Boeing’s new autonomous fighter jet has a pop-off, swappable nose

Called the “Loyal Wingman,” the drone is designed to fly with crewed aircraft.
Boeing Loyal Wingman drone
The first finished "Loyal Wingman" prototype. Boeing

The US military’s most futuristic and problematic fighter jet is the F-35, a very expensive aircraft that costs the Air Force around $82 million a pop. Exorbitant price tags like that, and other considerations, are spurring aircraft makers and air forces to think about ways to augment the fighter jets they have—planes flown by people—with smaller aircraft that have no one on board.

The latest full-sized prototype in this category comes from Boeing, and it’s a 38 foot-long airplane with twin tails and no space for a human pilot. Essentially, it’s a fighter jet drone. But, rather than simply cruising at high altitudes and conducting surveillance like a Global Hawk, Boeing’s plane can perform much more dynamic movements. While the aerospace company isn’t revealing too many details, it does say that it will have a range of some 2,300 miles and “fighter-like performance.” The initial aircraft the company has unveiled is called a “Loyal Wingman” airplane.

“It’s designed to fly alongside, and fight alongside, other manned air power platforms, be it fighter, tankers, surveillance aircraft,” Shane Arnott, who directs Boeing’s airpower teaming system program, said in a video. The general idea with aircraft like these is that it’s preferable to sacrifice a less expensive plane with no one on board—or send that plane ahead, into a riskier situation, to gather information or do something else—than it is to lose a crewed plane like a fighter jet or a tanker.

“It is better for one of these to take a hit than for a manned platform,” Arnott said in an 2019 Reuters report when Boeing first announced the initiative and revealed a model of it.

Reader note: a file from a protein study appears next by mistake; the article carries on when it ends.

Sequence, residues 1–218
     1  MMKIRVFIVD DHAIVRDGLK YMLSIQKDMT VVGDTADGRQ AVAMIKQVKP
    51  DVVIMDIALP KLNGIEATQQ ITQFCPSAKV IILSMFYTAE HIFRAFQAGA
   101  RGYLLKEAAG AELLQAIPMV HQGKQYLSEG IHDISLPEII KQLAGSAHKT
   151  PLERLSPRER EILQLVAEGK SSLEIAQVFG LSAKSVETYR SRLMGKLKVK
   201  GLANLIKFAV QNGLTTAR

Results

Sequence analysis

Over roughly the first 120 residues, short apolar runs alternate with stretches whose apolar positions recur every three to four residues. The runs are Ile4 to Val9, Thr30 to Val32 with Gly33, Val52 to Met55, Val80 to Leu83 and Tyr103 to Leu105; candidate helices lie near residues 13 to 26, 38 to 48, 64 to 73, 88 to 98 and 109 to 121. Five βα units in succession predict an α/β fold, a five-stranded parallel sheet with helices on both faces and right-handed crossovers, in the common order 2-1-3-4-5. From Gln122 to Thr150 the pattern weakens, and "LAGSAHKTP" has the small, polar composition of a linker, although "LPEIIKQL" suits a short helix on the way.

The weirdest feature is the plane’s roughly 9-foot-long nose, which completely detaches. An air force using this plane could easily swap the nose—which has an interior volume of some 52 cubic feet—with a new for one with different equipment inside. That design choice “allows a customer to insert specific hardware and software and have that aircraft ready for a completely different mission in a short amount of time,” Arnott said in an emailed statement.

Loyal Wingman prototype
The twin tails of the prototype. Boeing

The drone has traditional tricycle-style landing gear, like many other aircraft, meaning that it’s designed to take off and land from a regular runway. That differentiates it from a very similar unmanned craft called the Valkyrie, made by Kratos. The Valkyrie, or XQ-58A, has the same general purpose as Boeing’s Loyal Wingman, but it launches from a rail, not the tarmac, and boasts a range that’s longer by about 1,000 miles. The Valkyrie may cost about $3 million each. A price tag like that may sound like a lot, but keep in mind that even a relatively basic fighter jet, like an F-16, costs about $18.8 million in 1998 dollars, according to the US Air Force.

Boeing says that the Loyal Wingman will leverage artificial intelligence to help it maneuver around the skies. After all, there’s no way that a human, busy controlling their own jet, would have the cognitive bandwidth to actively and constantly command uncrewed jets flying alongside it in formation at the same time. For that, those craft would need to be capable of autonomous flight.

The kind of code that allows for multiple drones to fly alongside another aircraft and operate with some degree of autonomy would need to be highly complex. Software called Auto-GCAS already exists that can detect if a fighter jet is going to crash into the ground—it can kick in if a pilot experiences a potentially deadly phenomenon called GLOC (g-induced loss of consciousness) and then loses control of the plane.

loyal wingman
An illustration of four Loyal Wingman drones alongside a crewed aircraft. Boeing

But the Air Force Research Lab has also been working on more complicated software that could help detect and prevent collisions in the air between planes that are flying in formation or practicing basic fighter maneuvers, when they’d turn and fly towards each other. “I would say it’s nowhere near as mature as what we’ve done with Auto-GCAS, but it is an area that we believe we need to go put some research into it,” General Arnold Bunch, who leads Air Force Materiel Command, told Popular Science in January. That’s because, he adds, “When we talk about how we’re going to do it for piloted [aircraft], you could also use similar technology in autonomous [operations], and things that would partner, so there’s even more reason to go down that path.” Indeed, that’s the path that Boeing and Kratos are going down now; Lockheed Martin, which makes the F-35, also says it’s working in this space.

Boeing is producing the planes in Australia and is working with industry in that country and the Royal Australian Air Force.

Correction: This article has been updated to fix an error regarding the volume of the aircraft’s nose. It is 52 cubic feet, not square feet.